Sunday, June 26, 2016

State of the Farm(er) Address - part one

Farming, even on a small scale, is always such an endless mix of life and death.  Chaos and order.  A farm is perpetually striving for balance, but balance is never more than a fleeting moment.

After moving the chicken coop away from the stone wall and up close to the barn, I added 2 strands of electric fence.  I know there are other security measures I should be taking, but this is the best I can do for the moment.

So far, no more casualties - except for the flowers that the chickens have killed.


This is the third(?) year that I have been leaving the main portion of my pastures un-mowed until the end of July.  I do this so that there will be grass stockpiled for winter grazing.  I also wait to mow till  late July so that the grassland can double as a sanctuary for ground-nesting birds.  After spending the past 7 years rehabilitating these fields and the last three years managing them for winter grazing and wildlife, I have seen a huge increase in the bird populations this year.  

The first year I was here, I saw very few birds.  This year, there are several dozen tree swallows, a growing population of barn swallows, blackbirds, bobolinks, a bunch of things I can't identify and even a pair of bluebirds.

Earlier, I was standing, drinking my morning tea and watching all the swallows swoop and dive over the fields.  I love watching swallows.  Then, the caffeine finally caught up with my foggy brain and I realized that the swallows were so beautifully and gracefully swooping and diving directly over my new beehives.

Hopefully, those queens are laying a lot of eggs and the hives can find their moment of balance before the birds eat them all.


Every day, Connor swims in the pond and every day, I look for the fish I set loose.  So far, I have seen no sign.  Today, of course, I forgot to look for the fish.  It was as Connor's stick was just about to fly from my fingers that I looked up and saw all six carp having a meeting in the center of the pond.  The stick landed right in the middle of them and the Border Collie was not far behind.  In the brief look I got of them, they seemed to be doing well.  I think they may even have grown.

Still no sign of the catfish, but I'm not sure that is a bad thing.  they should be hanging out on the bottom of the pond, doing their thing.  I think i would only see them if there is something wrong.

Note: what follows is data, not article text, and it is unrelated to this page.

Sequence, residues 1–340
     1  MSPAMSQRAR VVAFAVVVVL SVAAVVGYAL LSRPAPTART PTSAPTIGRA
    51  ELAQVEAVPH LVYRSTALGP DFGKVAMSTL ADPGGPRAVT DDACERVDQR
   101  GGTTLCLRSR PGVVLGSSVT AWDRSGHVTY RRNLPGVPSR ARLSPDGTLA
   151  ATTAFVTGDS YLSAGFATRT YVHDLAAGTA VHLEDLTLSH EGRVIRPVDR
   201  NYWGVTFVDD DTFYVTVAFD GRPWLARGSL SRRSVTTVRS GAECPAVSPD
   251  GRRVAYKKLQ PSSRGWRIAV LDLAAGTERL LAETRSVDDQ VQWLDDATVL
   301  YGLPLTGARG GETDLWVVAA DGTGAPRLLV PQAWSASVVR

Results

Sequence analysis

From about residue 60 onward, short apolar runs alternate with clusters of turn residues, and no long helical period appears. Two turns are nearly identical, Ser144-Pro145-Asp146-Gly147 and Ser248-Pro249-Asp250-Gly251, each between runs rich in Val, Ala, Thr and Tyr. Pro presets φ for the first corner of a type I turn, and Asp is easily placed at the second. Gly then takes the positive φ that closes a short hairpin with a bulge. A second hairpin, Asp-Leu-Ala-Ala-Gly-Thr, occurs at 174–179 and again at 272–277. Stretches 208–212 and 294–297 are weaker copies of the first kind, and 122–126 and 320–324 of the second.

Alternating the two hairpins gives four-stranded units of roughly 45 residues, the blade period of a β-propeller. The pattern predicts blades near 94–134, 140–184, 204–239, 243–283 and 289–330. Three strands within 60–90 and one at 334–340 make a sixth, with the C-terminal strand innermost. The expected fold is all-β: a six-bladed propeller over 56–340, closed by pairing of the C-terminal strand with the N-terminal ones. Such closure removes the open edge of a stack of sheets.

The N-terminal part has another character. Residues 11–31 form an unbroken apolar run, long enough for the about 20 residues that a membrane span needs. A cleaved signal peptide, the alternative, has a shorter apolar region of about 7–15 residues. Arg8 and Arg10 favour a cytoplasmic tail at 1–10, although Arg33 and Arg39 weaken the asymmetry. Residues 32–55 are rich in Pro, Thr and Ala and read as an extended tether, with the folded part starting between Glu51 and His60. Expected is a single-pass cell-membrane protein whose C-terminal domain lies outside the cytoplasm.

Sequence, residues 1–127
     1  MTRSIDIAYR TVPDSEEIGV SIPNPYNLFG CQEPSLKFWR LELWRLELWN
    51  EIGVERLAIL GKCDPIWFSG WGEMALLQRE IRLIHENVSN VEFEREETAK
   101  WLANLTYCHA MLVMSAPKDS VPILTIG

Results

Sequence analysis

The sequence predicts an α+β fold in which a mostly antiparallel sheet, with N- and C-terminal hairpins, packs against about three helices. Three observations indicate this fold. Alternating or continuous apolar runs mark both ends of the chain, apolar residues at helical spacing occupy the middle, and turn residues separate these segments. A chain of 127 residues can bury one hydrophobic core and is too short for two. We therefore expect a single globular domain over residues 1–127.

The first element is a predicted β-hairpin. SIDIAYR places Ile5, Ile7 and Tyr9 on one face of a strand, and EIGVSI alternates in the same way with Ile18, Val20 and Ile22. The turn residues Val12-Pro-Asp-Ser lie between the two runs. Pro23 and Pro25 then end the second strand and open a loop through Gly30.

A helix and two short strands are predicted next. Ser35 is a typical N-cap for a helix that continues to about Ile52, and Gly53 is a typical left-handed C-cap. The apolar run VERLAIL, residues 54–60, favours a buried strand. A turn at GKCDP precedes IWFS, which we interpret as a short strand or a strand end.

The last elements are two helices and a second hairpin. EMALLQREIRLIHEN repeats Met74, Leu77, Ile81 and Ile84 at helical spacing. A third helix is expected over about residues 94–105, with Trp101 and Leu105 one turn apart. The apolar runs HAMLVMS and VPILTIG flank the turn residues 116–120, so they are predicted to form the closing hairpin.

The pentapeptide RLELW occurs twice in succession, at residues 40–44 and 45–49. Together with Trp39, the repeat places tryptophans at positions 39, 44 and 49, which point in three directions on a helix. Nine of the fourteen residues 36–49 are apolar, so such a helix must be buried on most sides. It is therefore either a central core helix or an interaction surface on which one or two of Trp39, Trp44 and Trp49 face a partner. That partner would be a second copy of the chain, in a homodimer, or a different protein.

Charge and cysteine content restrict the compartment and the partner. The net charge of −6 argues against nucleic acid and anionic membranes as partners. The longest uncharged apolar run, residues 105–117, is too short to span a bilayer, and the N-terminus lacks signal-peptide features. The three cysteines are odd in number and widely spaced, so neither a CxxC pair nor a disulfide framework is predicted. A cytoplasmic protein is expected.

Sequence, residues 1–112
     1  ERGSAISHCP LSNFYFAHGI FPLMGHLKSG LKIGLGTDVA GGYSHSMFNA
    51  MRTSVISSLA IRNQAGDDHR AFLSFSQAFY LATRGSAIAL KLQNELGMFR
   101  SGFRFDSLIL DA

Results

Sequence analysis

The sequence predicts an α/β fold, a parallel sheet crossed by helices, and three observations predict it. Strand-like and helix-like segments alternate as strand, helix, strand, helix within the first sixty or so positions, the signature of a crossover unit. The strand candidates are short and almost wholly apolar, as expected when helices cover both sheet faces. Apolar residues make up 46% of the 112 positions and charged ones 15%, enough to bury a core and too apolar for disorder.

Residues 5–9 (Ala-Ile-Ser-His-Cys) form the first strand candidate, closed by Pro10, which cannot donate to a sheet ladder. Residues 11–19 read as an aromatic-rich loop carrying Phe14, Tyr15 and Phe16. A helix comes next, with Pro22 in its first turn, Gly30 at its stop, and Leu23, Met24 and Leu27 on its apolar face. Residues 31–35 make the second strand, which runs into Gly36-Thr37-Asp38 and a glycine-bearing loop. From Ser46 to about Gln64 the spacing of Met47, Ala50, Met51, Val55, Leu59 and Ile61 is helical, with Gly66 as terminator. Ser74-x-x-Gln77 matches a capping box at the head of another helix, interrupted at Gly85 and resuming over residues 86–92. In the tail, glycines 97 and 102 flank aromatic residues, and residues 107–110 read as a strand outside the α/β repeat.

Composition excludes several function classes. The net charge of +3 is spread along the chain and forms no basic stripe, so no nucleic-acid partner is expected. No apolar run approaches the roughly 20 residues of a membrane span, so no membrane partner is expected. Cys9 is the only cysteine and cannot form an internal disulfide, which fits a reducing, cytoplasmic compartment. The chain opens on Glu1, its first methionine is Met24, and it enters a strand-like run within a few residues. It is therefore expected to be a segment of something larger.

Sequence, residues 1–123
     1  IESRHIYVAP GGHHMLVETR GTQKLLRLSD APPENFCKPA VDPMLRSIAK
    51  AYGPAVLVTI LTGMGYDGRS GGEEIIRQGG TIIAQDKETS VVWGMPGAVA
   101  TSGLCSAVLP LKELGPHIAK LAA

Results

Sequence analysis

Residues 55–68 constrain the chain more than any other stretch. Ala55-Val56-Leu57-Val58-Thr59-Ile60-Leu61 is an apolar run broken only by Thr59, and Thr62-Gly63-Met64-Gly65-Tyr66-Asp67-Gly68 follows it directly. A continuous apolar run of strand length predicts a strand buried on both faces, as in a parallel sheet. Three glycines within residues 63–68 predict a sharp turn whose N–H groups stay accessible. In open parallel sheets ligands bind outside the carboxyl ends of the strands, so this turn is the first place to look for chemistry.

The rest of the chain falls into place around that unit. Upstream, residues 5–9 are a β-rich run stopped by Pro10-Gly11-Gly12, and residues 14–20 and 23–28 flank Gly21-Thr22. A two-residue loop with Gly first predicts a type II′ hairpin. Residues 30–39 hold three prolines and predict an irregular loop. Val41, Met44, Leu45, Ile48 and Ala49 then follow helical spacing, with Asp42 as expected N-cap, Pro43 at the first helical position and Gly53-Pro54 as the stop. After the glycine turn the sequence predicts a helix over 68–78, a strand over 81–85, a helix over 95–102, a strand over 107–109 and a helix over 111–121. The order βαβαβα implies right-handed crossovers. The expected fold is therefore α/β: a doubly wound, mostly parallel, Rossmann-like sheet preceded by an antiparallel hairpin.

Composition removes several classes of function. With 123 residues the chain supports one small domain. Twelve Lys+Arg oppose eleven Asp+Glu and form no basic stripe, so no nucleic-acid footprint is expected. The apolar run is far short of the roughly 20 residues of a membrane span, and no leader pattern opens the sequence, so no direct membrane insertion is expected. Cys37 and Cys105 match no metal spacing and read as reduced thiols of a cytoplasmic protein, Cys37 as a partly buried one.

The equines are all doing well, although both Emma and Tessa have gained an alarming amount of weight.  They did very well over the winter, everyone even lost a few pounds and they all looked good this Spring.  I wanted to maintain that so I actually gave them less access to grass than I have in previous years and took them off the main pasture a month earlier.  However, the grass came in super strong this year and, before I knew it, the pounds were adding up even on their limited access.  Everyone is on a strict diet now and for the foreseeable future.

I was lucky to get really low sugar hay last year, which is what helped with the weight lose, but I think the low sugar was because of the freakish amount of rain we had.  This year, we have had a freakish amount of sun and I am very worried about the sugar content of the feed this year.  It is especially worrisome because I can no longer feed straw for reasons I will get to in a minute.  I am trying to figure out how to lower the calories and still keep the herd happy.  It is a struggle.

Ramsey will be turning 4 in a few days, which is amazing.  He sure has come a long way.  His bad foot is doing well.  It has its issues, as it always will, but Ramsey is growing into a very solid, strong donkey.  He is almost an adult.

Hard to believe isn't it?

To be continued.....


  1. I do so enjoy your posts. I've provided water and bird seed in my backyard for years. Love watching the birds, especially the Gambel Quail. This summer I suddenly realized what a new bird is; its a Phainopepla, a black, desert cardinal! Wow. What a treat, and there are several of them.

  2. That sad photo gets me every time of little miserable Ramsey struggling to get well and you so worried. He certainly has grown into a fine looking big boy!
    Fighting the battle of the bulge is ongoing at our house except for Joe who is a bean pole. Addie became a bit fatty over the winter. I've cut her kibble and treat cookies but she's still bulky around her shoulders.

  3. Last summer when we first saw this farm, we did not see many birds...some barn swallows and of course sparrows and a Mockingbird. We too leave a longer lawn for the poultry to have more cover and to help build the soils when we use the mulching mower. There were 2 barn swallow nests in the main bay and now there are five feather filled condo's! More Swallows nest in the high places of the loft.There are Killdeer, Meadowlarks, Redwing Black birds, whipoorwills, Chipping sparrows, song sparrows, King birds,Towhee's, Goldfinches, Bluebirds and many more I am working on identifying. We do not have bees but the swallows seem happy.
    Good luck with your poultry and your so right about the mix of life and death on a farm.
    I had thought Emma was a little plumper in the photo with the pine bough snack....

  4. I didn't know of Ramsey's history. He's certainly thriving now.

  5. Love having meadows around. This has been an amazing year for our barn swallows also. I will be heading to Tainter Creek and under the bridge to watch the swallows feed there young in the mud nest. It is amazing and noisy.